Six Indians arrived with the first Admiral at the court of Barcelona, like I said. And of their own will or so advised, they asked to be baptized, and the Catholic monarchs, through their mercy, ordered it be done, and together with their royal highness, the serene Prince John, their firstborn and heir, they were the godparents. The most prominent Indian among them they called don Fernando de Aragón, who was natural of this island of Hispaniola and a relative of the king or Cacique Guacanagari. Another they called John of Castile, and the rest they gave other names, as they requested or as their godparents agreed to name them, in accordance with the Catholic Church. As to that second one named John of Castile, the prince wanted him for himself and wished that he remained in his royal house and be very well treated and seen to, as if he were the son of the prominent knight for whom he felt much love. The prince sent him to be evangelized and taught our holy faith and he gave his chief steward Patiño responsibility for him; I witnessed that Indian already speaking the Castilian language quite well, but then after two years he died.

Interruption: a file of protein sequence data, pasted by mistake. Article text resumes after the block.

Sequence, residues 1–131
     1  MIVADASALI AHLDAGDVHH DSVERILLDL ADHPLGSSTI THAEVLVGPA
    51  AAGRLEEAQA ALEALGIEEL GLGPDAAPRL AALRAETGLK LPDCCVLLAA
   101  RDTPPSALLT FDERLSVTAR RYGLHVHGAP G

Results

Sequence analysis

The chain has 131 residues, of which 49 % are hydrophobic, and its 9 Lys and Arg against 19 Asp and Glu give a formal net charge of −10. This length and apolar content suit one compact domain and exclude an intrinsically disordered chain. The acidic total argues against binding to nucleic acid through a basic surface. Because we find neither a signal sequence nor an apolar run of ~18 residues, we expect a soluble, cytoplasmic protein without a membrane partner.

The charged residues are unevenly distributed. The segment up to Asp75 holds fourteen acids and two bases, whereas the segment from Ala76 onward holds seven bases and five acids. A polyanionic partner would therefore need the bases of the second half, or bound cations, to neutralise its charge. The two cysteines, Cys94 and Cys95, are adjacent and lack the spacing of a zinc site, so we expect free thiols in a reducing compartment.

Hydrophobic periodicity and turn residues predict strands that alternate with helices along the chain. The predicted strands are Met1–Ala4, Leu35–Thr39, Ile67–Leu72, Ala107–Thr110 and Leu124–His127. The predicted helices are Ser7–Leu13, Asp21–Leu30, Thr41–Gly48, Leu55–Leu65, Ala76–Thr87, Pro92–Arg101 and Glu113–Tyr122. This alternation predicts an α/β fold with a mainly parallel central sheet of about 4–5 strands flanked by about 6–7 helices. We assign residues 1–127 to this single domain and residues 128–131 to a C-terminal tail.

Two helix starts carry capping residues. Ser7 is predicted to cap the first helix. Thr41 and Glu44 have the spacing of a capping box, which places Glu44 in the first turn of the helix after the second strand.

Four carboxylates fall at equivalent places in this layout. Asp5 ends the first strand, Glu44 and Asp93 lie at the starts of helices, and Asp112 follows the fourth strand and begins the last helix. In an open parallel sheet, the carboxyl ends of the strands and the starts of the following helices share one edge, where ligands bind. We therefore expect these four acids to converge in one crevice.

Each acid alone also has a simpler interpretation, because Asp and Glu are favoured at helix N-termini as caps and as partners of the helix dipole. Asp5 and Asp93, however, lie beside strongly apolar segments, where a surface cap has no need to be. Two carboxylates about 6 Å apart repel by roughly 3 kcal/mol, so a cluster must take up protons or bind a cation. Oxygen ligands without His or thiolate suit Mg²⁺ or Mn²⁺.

All the other Indians returned to this island in the Admiral’s second trip. And those exceedingly graceful Catholic Monarchs bestowed great honors upon him, and most particularly confirmed his rights in Barcelona on the 28th of May, 1493. And among other things, in addition to making him a nobleman and awarding the title of permanent Admiral of these Indies to him and his successors, by way of primogeniture, and proclaiming that all those dependent on him, including his brothers, would have the title of Don, he was also given the same royal arms of Castile and Leon, combined and arranged with others that were likewise confirmed to him (approving and confirming by royal authority other ancient arms of his lineage). From these arms and others they made a new and beautiful coat of arms with his crest and emblem, in the manner and form that is here represented and appears clearly.[3]